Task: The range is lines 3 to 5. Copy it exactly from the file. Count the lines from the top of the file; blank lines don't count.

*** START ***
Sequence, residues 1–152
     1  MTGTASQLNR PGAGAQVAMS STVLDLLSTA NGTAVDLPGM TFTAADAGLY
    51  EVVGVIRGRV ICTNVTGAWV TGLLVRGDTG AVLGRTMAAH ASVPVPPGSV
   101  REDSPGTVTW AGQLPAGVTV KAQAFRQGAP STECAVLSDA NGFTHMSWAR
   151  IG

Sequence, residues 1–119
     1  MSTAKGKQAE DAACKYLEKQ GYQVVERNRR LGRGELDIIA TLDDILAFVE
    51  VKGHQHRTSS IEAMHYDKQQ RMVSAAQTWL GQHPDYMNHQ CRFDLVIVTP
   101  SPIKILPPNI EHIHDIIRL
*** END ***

    51  EVVGVIRGRV ICTNVTGAWV TGLLVRGDTG AVLGRTMAAH ASVPVPPGSV
   101  REDSPGTVTW AGQLPAGVTV KAQAFRQGAP STECAVLSDA NGFTHMSWAR
   151  IG